3 Things to Scrutinize in Canopy Growth’s Earnings Report

While earnings season is all but over for most stocks, for the cannabis business, it’s only beginning. On June 20, Canopy Growth (NYSE:) will kick off a spate of quarterly reports from the industry, forcing owners of CGC to serve as proverbial guinea pigs.

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“Because it’s the biggest, there’ll be a follow-the-leader type action, so a strong result will lift all boats,” , the portfolio manager of the Cannabis Growth Fund (). He went on to say: “Investors will be looking closely at price and margins as everyone adjusts their numbers based on what the big companies are doing.”

Marijuana mania is still alive and well, and the owners of marijuana stocks are capable of putting a positive spin on clearly disappointing news. But as the realities of legalized cannabis,  both good and bad, set in, investors are slowly but surely beginning to treat these organizations like companies that will sooner or later have to turn a profit.

However, the top and bottom lines are arguably the least important data nuggets for the owners of CGC stock. Other metrics are going to be much more telling indicators of how healthy Canopy Growth is becoming.

Canopy Growth’s Earnings Outlook

The initial and overarching response to next week’s Q4 and full-year results, of course, will be driven by the company’s sales and income levels.

As of the latest look, analysts are, on average, calling for revenue of $90.9 million (in Canadian dollars), up from the year-ago figure of $22.8 million. As far as earnings, analysts, on average, believe Canopy Growth is on pace to report a loss of 23 cents per share of CGC stock, narrowing the year-ago operating loss of 31 cents per share.

The heroic growth is entirely due to timing.

Canada legalized marijuana for recreational use in October of last year, jump-starting strong sales for several organizations that had long been prepping for that day. As a result, the year-over-year revenue jumps will look artificially impressive until after October 2019.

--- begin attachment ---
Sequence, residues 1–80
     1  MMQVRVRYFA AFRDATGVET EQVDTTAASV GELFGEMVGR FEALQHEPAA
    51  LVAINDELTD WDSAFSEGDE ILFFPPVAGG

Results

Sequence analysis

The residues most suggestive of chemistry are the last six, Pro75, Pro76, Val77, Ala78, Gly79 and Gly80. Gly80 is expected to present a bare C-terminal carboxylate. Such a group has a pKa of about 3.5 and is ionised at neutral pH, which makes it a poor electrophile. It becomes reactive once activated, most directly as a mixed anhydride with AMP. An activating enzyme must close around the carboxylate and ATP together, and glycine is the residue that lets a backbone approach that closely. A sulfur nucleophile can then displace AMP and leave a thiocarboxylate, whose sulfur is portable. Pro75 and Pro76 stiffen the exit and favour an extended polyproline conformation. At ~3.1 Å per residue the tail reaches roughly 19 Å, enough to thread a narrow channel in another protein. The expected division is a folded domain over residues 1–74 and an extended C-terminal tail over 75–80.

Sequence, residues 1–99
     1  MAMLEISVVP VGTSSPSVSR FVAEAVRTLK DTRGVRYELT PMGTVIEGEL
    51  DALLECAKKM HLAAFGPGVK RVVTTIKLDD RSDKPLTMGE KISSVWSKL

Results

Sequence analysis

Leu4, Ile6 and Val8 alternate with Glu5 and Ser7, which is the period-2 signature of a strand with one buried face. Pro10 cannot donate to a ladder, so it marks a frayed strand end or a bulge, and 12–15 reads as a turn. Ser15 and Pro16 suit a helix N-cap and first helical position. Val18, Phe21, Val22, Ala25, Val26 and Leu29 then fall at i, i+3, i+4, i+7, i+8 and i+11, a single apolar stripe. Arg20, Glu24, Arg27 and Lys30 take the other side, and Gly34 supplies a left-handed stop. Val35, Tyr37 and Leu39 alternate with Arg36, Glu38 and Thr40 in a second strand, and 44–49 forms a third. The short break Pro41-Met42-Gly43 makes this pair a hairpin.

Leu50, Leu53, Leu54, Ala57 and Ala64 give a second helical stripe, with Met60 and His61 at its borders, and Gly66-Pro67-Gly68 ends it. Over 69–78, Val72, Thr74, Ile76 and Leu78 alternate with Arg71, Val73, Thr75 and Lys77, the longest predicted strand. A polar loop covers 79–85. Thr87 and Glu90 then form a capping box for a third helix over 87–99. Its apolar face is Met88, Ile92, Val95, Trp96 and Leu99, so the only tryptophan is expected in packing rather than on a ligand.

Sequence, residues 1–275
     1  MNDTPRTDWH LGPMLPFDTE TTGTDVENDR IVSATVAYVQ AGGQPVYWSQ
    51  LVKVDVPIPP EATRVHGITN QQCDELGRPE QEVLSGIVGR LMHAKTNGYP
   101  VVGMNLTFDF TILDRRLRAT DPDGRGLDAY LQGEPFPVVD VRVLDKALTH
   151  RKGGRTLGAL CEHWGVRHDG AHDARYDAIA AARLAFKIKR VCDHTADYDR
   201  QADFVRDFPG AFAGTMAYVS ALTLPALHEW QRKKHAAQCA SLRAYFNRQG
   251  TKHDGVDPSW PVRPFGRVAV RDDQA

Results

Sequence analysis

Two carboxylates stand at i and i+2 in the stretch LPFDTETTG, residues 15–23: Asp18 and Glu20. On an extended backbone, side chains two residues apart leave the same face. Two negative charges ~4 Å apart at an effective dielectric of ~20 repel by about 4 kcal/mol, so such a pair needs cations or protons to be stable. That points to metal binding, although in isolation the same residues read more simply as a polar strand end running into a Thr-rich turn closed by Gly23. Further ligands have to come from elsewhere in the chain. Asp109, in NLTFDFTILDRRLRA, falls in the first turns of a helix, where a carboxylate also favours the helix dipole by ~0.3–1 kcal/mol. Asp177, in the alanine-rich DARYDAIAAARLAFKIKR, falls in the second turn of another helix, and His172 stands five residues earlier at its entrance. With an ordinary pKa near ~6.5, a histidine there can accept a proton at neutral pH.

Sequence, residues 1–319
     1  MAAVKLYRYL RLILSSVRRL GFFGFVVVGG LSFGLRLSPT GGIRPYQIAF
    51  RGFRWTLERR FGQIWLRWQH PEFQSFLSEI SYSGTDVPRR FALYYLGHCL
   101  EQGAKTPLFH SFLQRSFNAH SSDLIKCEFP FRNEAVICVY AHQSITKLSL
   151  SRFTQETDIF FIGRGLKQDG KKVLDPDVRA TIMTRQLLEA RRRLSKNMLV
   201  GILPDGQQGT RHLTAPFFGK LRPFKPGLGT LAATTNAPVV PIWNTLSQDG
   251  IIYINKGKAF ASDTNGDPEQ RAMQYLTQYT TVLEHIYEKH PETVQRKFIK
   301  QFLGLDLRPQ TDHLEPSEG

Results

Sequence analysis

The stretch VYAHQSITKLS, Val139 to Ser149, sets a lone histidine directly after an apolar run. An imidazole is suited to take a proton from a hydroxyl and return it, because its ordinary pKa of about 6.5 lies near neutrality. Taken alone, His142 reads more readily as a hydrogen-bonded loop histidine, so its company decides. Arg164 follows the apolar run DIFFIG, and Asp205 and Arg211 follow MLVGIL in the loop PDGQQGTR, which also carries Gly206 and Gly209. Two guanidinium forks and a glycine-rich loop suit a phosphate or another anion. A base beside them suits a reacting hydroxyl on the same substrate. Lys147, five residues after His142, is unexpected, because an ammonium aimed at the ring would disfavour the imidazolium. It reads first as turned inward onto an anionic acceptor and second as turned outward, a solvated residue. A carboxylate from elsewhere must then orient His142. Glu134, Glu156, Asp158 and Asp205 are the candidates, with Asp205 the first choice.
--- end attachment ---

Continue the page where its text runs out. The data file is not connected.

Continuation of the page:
That said, sequential progress still counts. Canopy Growth generated in Q3, with the bulk of the 256% boost coming from surging sales of recreational cannabis, which now makes up more than two-thirds of the company’s revenue. Canopy Growth lost 22 cents per share in Q3.

3 Things to Watch

While a large number of investors will certainly be eyeing CGC’s sales and profits, most of the so-called smart money will be looking at the less-touted data that may more directly foreshadow the company’s future. Three numbers will mean more than any others.

1.Average Selling Price

Since Q3 was Canopy Growth’s first  as a seller of recreational marijuana, the year-over-year comparison won’t be too telling. But the company was able to sell .

To its credit, per-gram prices for its medicinal cannabis were up year-over-year. With marketwide prices still falling as cannabis becomes more commoditized, however, price matters.

2.Production Capacity

In Q3, Canopy Growth had access to worth of growing capacity. Full use of that square footage could translate into output of more than 500,000 kilograms of cannabis per year. That would make CGC Canada’s second-biggest grower,

Investors may want to listen carefully to any updates on or changes to that number.

3.Operating Expenses

Finally, while investors have yet to balk at CGC’s spending, the slow realization that cannabis is a commodity has at least put some focus on its spending habits. During the upcoming earnings report, the owners of CGC stock could question, for the first time, whether all of the company’s operating expenditures are absolutely “worth it.”

On that note, while revenue nearly quadrupled in Q3, sales and marketing expenses more than quadrupled, while general and administrative spending soared 400%.

There’s still a chance Canopy can cost-effectively scale up, but it certainly hasn’t yet. Its operating expenses don’t include the cost of acquisitions.

Other Upcoming Cannabis Reports

Though Canopy Growth has some major news coming up, the owners of CGC stock aren’t the only investors on pins and needles. Hexo (NYSEAMERICAN:) is also expected to post its quarterly numbers later this month.

Some time will pass before the next big cannabis earnings report, though. Aphria (NYSE:) could post its results sometime in July, as could OrganiGram Holdings (NASDAQ:), given the timing of its previous quarterly reports. The same criteria increasingly being used to judge Canopy Growth will also be used to judge other cannabis companies

As of this writing, James Brumley did not hold a position in any of the aforementioned securities. You can learn more about James at his site, , or follow him on Twitter, at @jbrumley.

The post appeared first on InvestorPlace.

The views and opinions expressed herein are the views and opinions of the author and do not necessarily reflect those of Nasdaq, Inc.


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